Orvieto and the Feast of Corpus Christi

Orvieto atop a butte

The town of Orvieto is an Etruscan city located in the scenic region of Umbria, between Firenze (Florence) and Roma (Rome).

I first visited the medieval town of Orvieto in 2002, and again in 2006.  It’s the eucharistic miracle which is preserved there that I want to tell you about today—but first, let me tell you a little about this picturesque little town.

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Getting Up There – Orvieto sits atop a volcanic rock, on a high butte overlooking the plain; and our group rode a funicular, a hillside train, from the valley below.  The original funicular, with its water ballast counter-balanced cabin, was replaced in modern times by an automatic line.  There is no driver aboard the cabin—just a single operator who manages the computerized system from the upper station.

Troubled History: A City Under Siege – The citizens of medieval Orvieto thought they were safe, up there on that butte.  When attacked by other groups, they could fend them off, hurling arrows or axes or rocks over the cliff.  What they weren’t prepared for, though, was a long siege.  On their fertile butte they could grow corn and other crops, even raise cattle and chickens; but they descended to the valley to get their water.

When many of the town’s citizens died of dehydration following a long siege by the Romans, the people of Orvieto conceived the idea of a deep well.  Utilizing a double helix staircase St. Patrick’s Well, as it was named, descended from the upper plain 248 steps to the water level.  Families maintained narrower artesian wells, down which they could drop a bucket to retrieve water for drinking, cooking and bathing.  In the walls of the deep wells, the Etruscans dug holes which served as dovecotes, encouraging pigeons to nest. At dinnertime, the enterprising Etruscans simply reached into the well, pulled a dove out of the nest—and enjoyed the bird roasted.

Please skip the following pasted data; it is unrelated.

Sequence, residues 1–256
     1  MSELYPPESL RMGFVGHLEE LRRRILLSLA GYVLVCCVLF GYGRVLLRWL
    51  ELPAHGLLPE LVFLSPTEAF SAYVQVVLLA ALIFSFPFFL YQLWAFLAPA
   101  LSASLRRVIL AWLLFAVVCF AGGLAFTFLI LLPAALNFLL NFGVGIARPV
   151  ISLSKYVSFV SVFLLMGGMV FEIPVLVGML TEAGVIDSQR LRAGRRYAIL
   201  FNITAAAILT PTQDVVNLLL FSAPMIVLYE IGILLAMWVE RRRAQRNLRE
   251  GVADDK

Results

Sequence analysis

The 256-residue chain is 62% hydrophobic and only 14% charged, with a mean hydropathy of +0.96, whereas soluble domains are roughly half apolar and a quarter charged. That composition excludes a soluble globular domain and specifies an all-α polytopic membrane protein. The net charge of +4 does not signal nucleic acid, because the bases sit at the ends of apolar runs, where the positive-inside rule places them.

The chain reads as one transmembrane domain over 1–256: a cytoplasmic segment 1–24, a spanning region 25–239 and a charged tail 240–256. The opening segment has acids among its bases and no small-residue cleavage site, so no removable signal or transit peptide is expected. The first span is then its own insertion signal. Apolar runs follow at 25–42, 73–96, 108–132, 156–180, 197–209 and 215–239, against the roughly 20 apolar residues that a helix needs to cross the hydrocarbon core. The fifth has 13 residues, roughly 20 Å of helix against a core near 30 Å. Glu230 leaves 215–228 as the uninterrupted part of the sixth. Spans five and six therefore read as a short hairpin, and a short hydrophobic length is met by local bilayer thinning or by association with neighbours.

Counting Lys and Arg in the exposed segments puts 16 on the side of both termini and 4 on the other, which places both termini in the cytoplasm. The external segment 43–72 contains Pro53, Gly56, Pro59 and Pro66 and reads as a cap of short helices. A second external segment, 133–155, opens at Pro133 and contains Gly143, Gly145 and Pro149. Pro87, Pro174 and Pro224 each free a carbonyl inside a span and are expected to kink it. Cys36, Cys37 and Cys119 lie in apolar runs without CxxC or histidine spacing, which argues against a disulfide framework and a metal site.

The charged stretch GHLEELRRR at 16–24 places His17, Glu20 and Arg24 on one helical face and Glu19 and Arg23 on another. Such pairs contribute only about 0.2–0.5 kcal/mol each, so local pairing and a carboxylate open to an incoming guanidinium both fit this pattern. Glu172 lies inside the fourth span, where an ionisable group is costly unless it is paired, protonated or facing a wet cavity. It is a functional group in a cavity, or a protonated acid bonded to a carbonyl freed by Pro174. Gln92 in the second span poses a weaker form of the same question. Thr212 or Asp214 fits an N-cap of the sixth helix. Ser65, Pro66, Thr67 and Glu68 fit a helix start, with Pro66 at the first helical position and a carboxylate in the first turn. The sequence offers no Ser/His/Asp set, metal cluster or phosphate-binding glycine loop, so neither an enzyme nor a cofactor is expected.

Popes In Residence – Orvieto, securely situated and not too far from Rome, was a place of refuge for five popes during the 13th century:  Urban IV, Gregory X, Martin IV, Nicholas IV and Boniface VIII.  Orvieto’s Palazzo Soliano, the palace of the popes in that city, contains many well-preserved frescoes from 1290 and earlier.

A Crisis of Faith, and a Miracle – Pope Urban IV was in residence at Orvieto in 1263 when a German priest, Peter of Prague, had a crisis of faith.  The priest was devout, but found it difficult to believe in the Real Presence of Christ in the Eucharist.  He was en route to Rome and stopped at the Italian city of Bolsena, where he celebrated Mass at the tomb of St. Christina.  As he spoke the words of the Consecration, blood began to seep from the consecrated Host and trickle over his hands and onto the altar and the corporal.

Shocked, the priest immediately traveled to nearby Orvieto, where Pope Urban listened to his story.  The pope asked that the Host and the bloodstained cloth be brought to him in the cathedral.  Pope Urban and a number of cardinals and Church dignitaries greeted the procession and had the relics enshrined in the Cathedral at Orvieto.  The stained corporal bearing the spots of blood is still displayed there, in a golden reliquary in the Chapel of the Corporal.

Eucharistic Hymns for the Ages – Pope Urban, deeply affected by this miracle, commissioned St. Thomas Aquinas to compose the Proper for a Mass and an Office honoring the Holy Eucharist as the Body of Christ.  The hymns which St. Thomas wrote included the traditional hymns still widely used in Benediction:  the Pange Lingua (with its concluding verses, the Tantum Ergo), the Panis Angelicus, and O Salutaris Hostia.

One year after the miracle, in August of 1264, Pope Urban IV introduced Aquinas’ composition and issued a papal bull instituting the feast of Corpus Christi (the Body of Christ).

FOR THE GUY WHO HAS EVERYTHING: How About a GARGOYLE for Christmas?

Get them while you can:  Milan’s Duomo, the Cathedral of Santa Maria Nascente, is putting its 135 gargoyles up for adoption.

Italy’s “culture budget” is smaller this year; but the Duomo requires essential maintenance, even in a lean economy.  The gargoyle adoption program is an effort to protect the world’s fourth-largest cathedral and, as Cathedral management has stated, to encourage the Milanese and citizens of the world to be protagonists in the history of the cathedral.”